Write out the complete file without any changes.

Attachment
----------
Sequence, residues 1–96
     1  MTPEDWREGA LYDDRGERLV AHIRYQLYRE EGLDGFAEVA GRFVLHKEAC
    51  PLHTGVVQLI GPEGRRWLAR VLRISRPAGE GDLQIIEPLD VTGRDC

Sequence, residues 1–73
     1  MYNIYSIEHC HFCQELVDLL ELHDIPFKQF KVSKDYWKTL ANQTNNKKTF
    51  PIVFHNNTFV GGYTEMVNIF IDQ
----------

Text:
Sequence, residues 1–96
     1  MTPEDWREGA LYDDRGERLV AHIRYQLYRE EGLDGFAEVA GRFVLHKEAC
    51  PLHTGVVQLI GPEGRRWLAR VLRISRPAGE GDLQIIEPLD VTGRDC

Sequence, residues 1–73
     1  MYNIYSIEHC HFCQELVDLL ELHDIPFKQF KVSKDYWKTL ANQTNNKKTF
    51  PIVFHNNTFV GGYTEMVNIF IDQ